Celebrity is now so tightly bound up with the Fourth Estate (the media) they are one. Or so it seems. Recently, Australia had a visitation from the American “queen of television” Oprah Winfrey and politicians were more than willing to be seen supporting her, smiling for her success and waving to her fans. Her visit has been described as unique, and indeed that is how it played itself out.
But at the same time we have an arguably famous Australian ferociously representing the Fourth Estate, Julian Assange, who is fighting for his freedom, justice and his pursuit of our right to know yet who has been all but neglected by politicians who would not want to share a stage, let alone a news story with him. His growing international group of supporters are also of no interest to them.
But it all began exactly, 112 years ago when a French journalist brought injustice and wrongdoings at the highest level to the international headlines. His name was Emile Zola and his front page open letter to the French President was headlined “J’Accuse!” (I Accuse). He incurred the wrath of the powerful.
Celebrity firmly to one side - examinations of the Fourth Estate in Western newspaper history reveal a lamentable deficit of instances where politicians have been inclined to show any support for the media when it has taken an adversarial role in holding to account the other three estates of Western society - the judiciary, the parliament and the executive.
One rare instance where a politician did pay heed and responded favourably to the work of the Fourth Estate was when Keith Murdoch (Rupert Murdoch’s father) wrote a letter on the appalling loss of young Australian life at Gallipoli in 1915. When the then Australian Prime Minister, Andrew Fisher, had read his letter he ended the disastrous Dardanelles campaign.
There has been no such response to the work of Julian Assange. Politicians and the powerful are disturbed, affronted and incensed by the brave actions of Julian Assange and Wikileaks to keep the public sphere informed.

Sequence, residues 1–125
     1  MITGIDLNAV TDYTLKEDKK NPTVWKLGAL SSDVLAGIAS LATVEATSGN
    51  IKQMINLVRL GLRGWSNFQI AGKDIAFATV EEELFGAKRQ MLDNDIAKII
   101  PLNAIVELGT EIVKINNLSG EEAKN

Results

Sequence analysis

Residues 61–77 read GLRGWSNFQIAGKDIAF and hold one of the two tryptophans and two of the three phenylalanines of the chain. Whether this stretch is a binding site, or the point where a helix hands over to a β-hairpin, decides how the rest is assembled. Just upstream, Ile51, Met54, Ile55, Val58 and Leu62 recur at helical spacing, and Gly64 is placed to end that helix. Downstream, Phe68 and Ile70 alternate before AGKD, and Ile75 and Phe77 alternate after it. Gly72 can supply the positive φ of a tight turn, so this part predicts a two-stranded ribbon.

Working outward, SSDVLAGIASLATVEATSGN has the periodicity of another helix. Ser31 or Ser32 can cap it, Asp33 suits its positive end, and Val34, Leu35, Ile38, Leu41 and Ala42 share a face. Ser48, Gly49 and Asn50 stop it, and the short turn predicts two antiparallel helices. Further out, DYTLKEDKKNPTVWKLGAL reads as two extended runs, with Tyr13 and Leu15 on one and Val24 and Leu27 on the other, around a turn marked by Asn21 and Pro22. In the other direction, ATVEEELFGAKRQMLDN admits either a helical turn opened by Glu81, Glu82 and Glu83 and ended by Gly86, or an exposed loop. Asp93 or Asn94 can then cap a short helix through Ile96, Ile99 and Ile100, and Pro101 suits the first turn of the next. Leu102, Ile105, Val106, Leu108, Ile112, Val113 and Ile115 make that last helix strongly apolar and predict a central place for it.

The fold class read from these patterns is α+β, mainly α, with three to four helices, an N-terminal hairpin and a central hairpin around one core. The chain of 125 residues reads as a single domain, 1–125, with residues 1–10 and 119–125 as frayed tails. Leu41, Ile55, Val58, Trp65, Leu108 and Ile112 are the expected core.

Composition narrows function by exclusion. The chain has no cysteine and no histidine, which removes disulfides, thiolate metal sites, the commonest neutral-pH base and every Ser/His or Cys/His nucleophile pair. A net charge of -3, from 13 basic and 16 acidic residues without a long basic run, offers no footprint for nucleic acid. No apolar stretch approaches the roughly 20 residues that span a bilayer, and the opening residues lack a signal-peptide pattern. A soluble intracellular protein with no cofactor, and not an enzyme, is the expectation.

And while breathless members of the media are convinced of the unprecedented example of Wikileaks (no doubt augmented by the instantaneous power of the Internet), this challenge to governments and institutions is not unique. Yes, Oprah’s taping of her shows in Sydney was unique; but, thankfully, brave assertions of the Fourth Estate holding politicians to account are not.
As a scholar of media history, I’m struck by both the short-term memories of our media but also the striking similarities between the impact, circumstances and ramifications of Wikileaks and an equally earthshaking newspaper letter published in a Paris newspaper in 1898 - Emile Zola’s front page letter headlined “J’Accuse!”
“J’Accuse” did not divulge state secrets nor violate diplomatic exchanges: it did more than that, it benchmarked the watchdog role of the Fourth Estate. Newspapers and their journalists have struggled to rise to the occasion ever since.
At its time it was also an outstanding exception to the growing and stifling commercialism and emphasis on advertising within the newspaper industry in France. Similarities and concerns with contemporary media are obvious.
“J’Accuse!” was bold, audacious and motivated by a passion for justice. It brought a case of gross injustice of trumped up charges based purely on anti-Semitism in the French military to the French public’s attention. It was a case the military had tried to conceal from the scrutiny of the French press. Revealing concealment is where the Fourth Estate is at its best.
What resulted was an enormous cleavage in French society and its potency was such the scandal was pushed onto the international stage.
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